Foods That Cause Heartburn: Here’s What to Avoid (and What to Eat Instead)

If you’ve had heartburn even once before, you definitely don’t want to ever have it again. Thankfully, it isn’t one of those mysterious unpleasantries without a known cause or without any symptoms. When you have it, you know it. And usually, you can pinpoint exactly what triggered it.

It’s not often that foods are the direct cause of a disease or health condition. But the biggest risk factors for developing heartburn are the exception: They all involve food.

Here are the foods that trigger heartburn the most — and what to eat instead to relieve your symptoms.

What is heartburn?

Heartburn

Heartburn | iStock.com/mheim3011

Heartburn is a form of indigestion you experience as an unpleasant burning sensation in your chest. Usually this worsens after eating, when you’re lying down, or when you bend over.

It happens when stomach acid backs up into your esophagus. This can happen occasionally, and it’s usually manageable at home. Some people have a condition called GERD, in which heartburn is frequent and requires major lifestyle changes to treat properly.

When your heartburn starts or gets worse after a meal or snack, it’s possible that the foods you’re eating are the problem. Certain foods can trigger symptoms or make them worse. Others can relieve symptoms altogether.

Which foods cause heartburn?

As with any health condition, everyone’s collection of symptoms and triggers usually varies. However, highly acidic foods, fried foods, and even foods you wouldn’t expect to cause trouble are often the biggest offenders. The most common heartburn triggers include:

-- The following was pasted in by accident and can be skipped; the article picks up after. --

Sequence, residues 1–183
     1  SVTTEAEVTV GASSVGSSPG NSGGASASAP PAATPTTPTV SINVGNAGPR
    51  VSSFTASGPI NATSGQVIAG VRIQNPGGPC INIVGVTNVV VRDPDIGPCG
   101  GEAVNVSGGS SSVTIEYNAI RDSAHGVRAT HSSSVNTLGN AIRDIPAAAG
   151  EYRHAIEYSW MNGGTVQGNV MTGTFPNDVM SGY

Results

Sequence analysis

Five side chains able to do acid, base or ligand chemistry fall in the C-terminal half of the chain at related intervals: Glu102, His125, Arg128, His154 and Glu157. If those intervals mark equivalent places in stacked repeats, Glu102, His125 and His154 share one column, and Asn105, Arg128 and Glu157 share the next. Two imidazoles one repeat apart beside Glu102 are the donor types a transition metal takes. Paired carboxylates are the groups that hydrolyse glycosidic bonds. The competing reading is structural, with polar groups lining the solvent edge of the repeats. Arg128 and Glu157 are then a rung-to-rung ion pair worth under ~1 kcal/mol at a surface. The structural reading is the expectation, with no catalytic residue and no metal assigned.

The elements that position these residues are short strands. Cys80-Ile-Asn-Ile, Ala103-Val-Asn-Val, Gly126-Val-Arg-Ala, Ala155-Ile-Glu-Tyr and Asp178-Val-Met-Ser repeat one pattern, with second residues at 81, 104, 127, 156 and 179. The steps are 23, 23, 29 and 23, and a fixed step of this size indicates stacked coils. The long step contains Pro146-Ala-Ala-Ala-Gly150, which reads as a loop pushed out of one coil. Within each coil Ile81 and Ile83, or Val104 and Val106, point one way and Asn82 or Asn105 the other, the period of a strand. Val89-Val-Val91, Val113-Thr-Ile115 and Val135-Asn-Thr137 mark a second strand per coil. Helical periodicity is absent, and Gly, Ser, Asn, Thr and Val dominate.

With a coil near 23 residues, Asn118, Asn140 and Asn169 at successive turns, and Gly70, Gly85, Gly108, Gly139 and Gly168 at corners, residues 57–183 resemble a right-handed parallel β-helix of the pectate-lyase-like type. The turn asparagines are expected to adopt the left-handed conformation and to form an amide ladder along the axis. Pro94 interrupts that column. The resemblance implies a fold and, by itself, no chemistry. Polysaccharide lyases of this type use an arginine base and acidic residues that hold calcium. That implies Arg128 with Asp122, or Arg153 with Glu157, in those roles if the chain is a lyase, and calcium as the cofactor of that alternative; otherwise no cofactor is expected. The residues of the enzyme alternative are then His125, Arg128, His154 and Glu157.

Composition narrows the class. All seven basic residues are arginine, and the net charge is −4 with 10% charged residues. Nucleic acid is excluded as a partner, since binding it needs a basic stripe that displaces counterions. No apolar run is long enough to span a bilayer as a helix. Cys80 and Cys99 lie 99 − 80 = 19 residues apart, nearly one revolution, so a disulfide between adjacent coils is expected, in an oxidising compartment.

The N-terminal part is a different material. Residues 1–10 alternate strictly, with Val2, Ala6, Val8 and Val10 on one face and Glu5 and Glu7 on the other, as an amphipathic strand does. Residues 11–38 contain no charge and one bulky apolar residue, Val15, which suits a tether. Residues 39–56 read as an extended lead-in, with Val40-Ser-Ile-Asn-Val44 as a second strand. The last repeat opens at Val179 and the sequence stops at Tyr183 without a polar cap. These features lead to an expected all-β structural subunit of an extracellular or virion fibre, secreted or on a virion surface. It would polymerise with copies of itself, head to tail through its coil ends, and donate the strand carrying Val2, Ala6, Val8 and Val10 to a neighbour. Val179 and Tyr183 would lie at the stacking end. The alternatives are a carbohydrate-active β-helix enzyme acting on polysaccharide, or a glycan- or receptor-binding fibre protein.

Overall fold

• High-fat foods like cheese, avocados, and nuts
  • Chocolate
  • Spicy foods such as those that contain chili powder or hot peppers
  • Garlic and onions
  • Salty foods, whether they come that way or you add it in yourself
  • Acidic foods like tomatoes and grapefruits.

Alcohol, caffeine, citrus juices, soda, and other carbonated beverages can also trigger heartburn. For some people, eating big meals also leads to heartburn symptoms. Eating smaller meals — and the “right” foods — can help relieve heartburn or help you avoid it altogether.

Foods to eat to relieve or avoid heartburn

Spinach

Spinach | iStock.com/dionisvero

When you eliminate cheese, chocolate, salt, and spice (the heat, not the herb) from your diet, what’s left? More than you think. Some foods have anti-inflammatory properties that reduce your risk of heartburn. Others simply lack the ingredients that can trigger symptoms but are good for you in a dozen other ways.

Some of the best foods to relieve or avoid heartburn also have many additional nutrients good for your heart and brain. They include:

  • Healthy fats such as olives, olive oil, and seafood
  • Whole grains like oatmeal, quinoa, or brown rice
  • Ginger products including ginger tea
  • Lean meats like turkey, fish, and chicken
  • Nonacidic fruits such as bananas, apples, pears, and melons
  • Vegetables such as kale, cucumbers, spinach, and potatoes.

You can also relieve occasional heartburn by chewing gum or taking an over-the-counter medication or antacid.

Pay attention to your trigger foods (and beverages) and try to limit them as much as possible to avoid an unwanted heartburn comeback.

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